Last week, 330 fresh-from-college players, just under 1,000 coaches, executives and scouts and over 700 credentialed media members flooded Indianapolis for the NFL’s annual scouting combine. It is the closest thing that professional football has to a convention; even a late-night trip to the flagship Steak ‘n Shake downtown yields an autograph seeker’s dream of football glitterati.
I’ve been to quite a few of these, and there’s always palpable uncertainty at the combine. Players don’t know where — or in many cases, if — they’ll be drafted. Coaches, executives and scouts don’t know if they’ll be unemployed soon, the result of drafting the wrong players. And this year there was even more unease than ever, courtesy of the unsettled labor situation in the NFL. As of this moment, owners and players have yet to reach agreement on a collective bargaining agreement; if the two sides fail to work out a deal or an extension to negations by one week from today, a work stoppage will occur. Now, most of the fretting and hand-wringing about this impasse has centered on the players and the owners (and their money). But I’m a former website writer for the Denver Broncos and Carolina Panthers, so naturally the thing I’m wondering about is: What happens to the team websites?
As official sites required to toe the corporate party line, their coverage of negotiations between the league and players union is limited to the statements the league posts on NFLLabor.com. The mere mention of labor strife is so touchy that some teams won’t even let their sites post the word “lockout.” In an typical offseason, team sites would dispatch staffers to the locker room this month to catch up with players going through workouts or injury rehabilitation, and generally sketch happy tales of a promising season to keep fans excited until the games kick in again. For some teams, creating an upbeat tone is a higher priority than breaking news to build web traffic. Their sites’ mission is to build and reinforce a positive image; any high page-view totals are a bonus. But in a locked-out offseason, players will be banned from team facilities — and reporters and producers from team websites will be discouraged from making contact with them. Even players-in-the-community events, normally a feel-good staple of the sites’ content diet, will vanish. As Fox Sports reported earlier this week, it’s possible that teams might have to pull player photos and interviews and even quotes from their sites. (The NFL Players Association might argue that teams are using player images to market teams and boost ticket sales.)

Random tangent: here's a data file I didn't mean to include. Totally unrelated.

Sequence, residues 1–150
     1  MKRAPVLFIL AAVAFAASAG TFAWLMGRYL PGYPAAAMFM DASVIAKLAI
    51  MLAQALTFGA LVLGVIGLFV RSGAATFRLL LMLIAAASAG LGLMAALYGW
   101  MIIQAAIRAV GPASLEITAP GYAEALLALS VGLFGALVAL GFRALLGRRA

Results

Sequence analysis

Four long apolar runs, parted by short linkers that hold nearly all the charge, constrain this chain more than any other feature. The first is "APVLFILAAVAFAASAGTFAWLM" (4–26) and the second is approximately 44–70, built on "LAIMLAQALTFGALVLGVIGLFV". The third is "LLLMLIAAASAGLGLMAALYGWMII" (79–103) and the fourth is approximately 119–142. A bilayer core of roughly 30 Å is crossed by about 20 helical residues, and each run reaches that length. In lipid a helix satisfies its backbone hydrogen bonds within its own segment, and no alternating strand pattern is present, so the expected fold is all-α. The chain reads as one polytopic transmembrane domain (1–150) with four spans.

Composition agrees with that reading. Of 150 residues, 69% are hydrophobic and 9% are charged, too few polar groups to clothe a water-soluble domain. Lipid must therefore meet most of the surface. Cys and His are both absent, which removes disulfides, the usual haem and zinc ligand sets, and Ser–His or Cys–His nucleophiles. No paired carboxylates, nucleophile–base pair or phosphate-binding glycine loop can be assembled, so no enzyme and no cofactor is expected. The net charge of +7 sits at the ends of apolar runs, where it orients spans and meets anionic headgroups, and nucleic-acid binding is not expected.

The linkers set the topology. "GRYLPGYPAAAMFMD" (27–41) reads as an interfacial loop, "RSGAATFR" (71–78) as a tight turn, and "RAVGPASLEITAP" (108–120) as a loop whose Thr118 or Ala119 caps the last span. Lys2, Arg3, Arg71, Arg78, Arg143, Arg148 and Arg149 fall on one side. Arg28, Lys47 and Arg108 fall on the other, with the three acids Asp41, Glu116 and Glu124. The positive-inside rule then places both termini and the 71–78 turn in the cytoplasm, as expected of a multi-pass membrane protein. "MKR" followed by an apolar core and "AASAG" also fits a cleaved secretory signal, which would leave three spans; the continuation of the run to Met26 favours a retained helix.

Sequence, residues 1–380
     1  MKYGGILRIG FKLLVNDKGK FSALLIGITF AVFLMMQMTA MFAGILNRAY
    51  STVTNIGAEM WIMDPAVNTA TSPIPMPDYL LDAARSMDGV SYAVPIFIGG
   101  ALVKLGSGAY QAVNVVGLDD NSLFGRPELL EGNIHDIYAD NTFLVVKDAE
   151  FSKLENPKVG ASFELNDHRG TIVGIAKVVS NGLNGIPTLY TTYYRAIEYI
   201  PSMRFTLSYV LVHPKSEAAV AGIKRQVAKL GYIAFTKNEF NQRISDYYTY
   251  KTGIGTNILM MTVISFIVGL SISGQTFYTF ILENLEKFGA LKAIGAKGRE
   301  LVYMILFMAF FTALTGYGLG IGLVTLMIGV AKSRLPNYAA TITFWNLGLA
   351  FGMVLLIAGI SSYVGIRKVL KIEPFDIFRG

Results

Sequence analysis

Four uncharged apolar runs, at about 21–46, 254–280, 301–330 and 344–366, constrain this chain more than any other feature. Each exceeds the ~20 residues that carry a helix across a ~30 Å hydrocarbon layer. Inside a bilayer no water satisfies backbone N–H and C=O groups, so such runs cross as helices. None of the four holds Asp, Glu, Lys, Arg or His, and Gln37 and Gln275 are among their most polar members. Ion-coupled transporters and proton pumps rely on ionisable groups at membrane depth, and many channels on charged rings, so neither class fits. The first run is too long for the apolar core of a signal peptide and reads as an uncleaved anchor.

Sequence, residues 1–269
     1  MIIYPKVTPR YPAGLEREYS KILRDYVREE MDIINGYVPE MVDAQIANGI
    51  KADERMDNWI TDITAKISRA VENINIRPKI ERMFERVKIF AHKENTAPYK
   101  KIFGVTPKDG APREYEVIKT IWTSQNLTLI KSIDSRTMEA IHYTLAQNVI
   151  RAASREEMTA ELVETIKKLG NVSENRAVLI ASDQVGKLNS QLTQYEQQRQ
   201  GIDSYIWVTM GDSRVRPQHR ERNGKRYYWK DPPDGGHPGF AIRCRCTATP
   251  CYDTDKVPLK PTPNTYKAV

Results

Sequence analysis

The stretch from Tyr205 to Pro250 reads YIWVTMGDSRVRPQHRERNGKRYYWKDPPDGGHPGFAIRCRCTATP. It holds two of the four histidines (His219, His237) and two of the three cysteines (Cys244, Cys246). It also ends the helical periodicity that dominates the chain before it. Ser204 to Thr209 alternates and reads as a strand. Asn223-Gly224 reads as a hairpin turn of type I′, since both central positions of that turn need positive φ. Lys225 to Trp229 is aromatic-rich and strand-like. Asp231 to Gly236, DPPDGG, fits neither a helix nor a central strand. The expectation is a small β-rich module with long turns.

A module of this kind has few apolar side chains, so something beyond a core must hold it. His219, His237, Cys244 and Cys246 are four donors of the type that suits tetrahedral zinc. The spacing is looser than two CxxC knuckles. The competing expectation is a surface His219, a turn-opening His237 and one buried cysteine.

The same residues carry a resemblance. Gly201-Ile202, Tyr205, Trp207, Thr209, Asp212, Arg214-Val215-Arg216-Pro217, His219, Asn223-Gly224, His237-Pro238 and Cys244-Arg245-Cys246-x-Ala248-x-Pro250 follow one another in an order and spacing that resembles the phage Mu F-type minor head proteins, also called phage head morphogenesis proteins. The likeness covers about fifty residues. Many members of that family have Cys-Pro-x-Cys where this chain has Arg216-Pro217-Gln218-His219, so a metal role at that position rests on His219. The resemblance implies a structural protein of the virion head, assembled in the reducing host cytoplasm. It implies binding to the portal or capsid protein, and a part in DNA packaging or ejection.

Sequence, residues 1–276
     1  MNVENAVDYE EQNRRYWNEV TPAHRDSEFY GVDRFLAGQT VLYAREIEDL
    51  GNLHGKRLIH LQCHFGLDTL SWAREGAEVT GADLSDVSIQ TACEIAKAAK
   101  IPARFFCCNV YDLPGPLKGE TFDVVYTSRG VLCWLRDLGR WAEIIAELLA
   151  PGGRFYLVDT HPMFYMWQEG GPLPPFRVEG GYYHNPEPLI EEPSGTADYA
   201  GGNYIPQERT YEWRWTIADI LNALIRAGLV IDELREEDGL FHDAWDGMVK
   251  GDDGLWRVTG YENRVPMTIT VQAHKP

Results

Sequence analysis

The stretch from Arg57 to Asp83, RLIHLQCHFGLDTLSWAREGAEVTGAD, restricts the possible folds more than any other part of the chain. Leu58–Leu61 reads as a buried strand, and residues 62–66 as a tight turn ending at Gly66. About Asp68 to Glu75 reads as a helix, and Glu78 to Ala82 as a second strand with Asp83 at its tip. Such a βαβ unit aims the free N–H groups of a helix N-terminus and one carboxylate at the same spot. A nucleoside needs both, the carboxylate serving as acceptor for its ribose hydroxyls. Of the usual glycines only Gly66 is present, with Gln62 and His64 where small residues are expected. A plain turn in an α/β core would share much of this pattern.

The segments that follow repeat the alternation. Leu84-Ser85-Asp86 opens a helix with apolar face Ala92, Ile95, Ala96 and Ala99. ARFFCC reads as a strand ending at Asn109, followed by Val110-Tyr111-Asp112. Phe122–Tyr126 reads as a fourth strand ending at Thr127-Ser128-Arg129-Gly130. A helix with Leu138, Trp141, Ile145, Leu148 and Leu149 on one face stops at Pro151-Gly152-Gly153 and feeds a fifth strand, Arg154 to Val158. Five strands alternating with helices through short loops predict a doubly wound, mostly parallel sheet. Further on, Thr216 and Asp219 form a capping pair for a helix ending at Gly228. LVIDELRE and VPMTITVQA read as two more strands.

So, what should the web-addicted fan expect? Well, team sites might quickly become hollowed-out husks, offering little more than draft-day countdowns and abandoning all talk of the (thorny) present for looks at the (rosier) future. That’s why staffers from many team sites spent the combine banking tasty quotes from potential draft picks — squirrel before winter-style — so that they have something to publish in the next eight weeks.
The problem is, that only gets them to late April. If a lockout persists into May and June, daily site updates will dwindle to weekly ones, and then perhaps stop altogether. For many sites, that will mean turning the focus from a team’s (unsettled) future to the (rosier!) past, dredging up warm and fuzzy memories to soothe their increasingly distressed supporters.
That won’t be hard for the 92-year-old Green Bay Packers, whose history merits a Tolkien-thick tome. But if you’re the nine-year-old Houston Texans and you’ve never had a playoff game, your history fits in a leaflet; tales of glory from the David Carr era will get you through about a week.
And that’s not even the worst of it. Should a lockout endures into July, August and beyond, many staffers who produce these sites might not be around; if the cash-printing regular season is threatened, expect a purge of tech folk from Seattle to South Beach, as team sites devolve into little more than brochureware.
That is the ultimate fear of most NFL team web staffers: lost jobs, lost traffic, and lost fans during what could be the longest offseason — and the first lost season — of the modern digital age.
Andrew Mason is the editor and publisher of MaxDenver.com. He is a former producer and editor for NFL.com, and spent six season as web editor for the Denver Broncos and Carolina Panthers.
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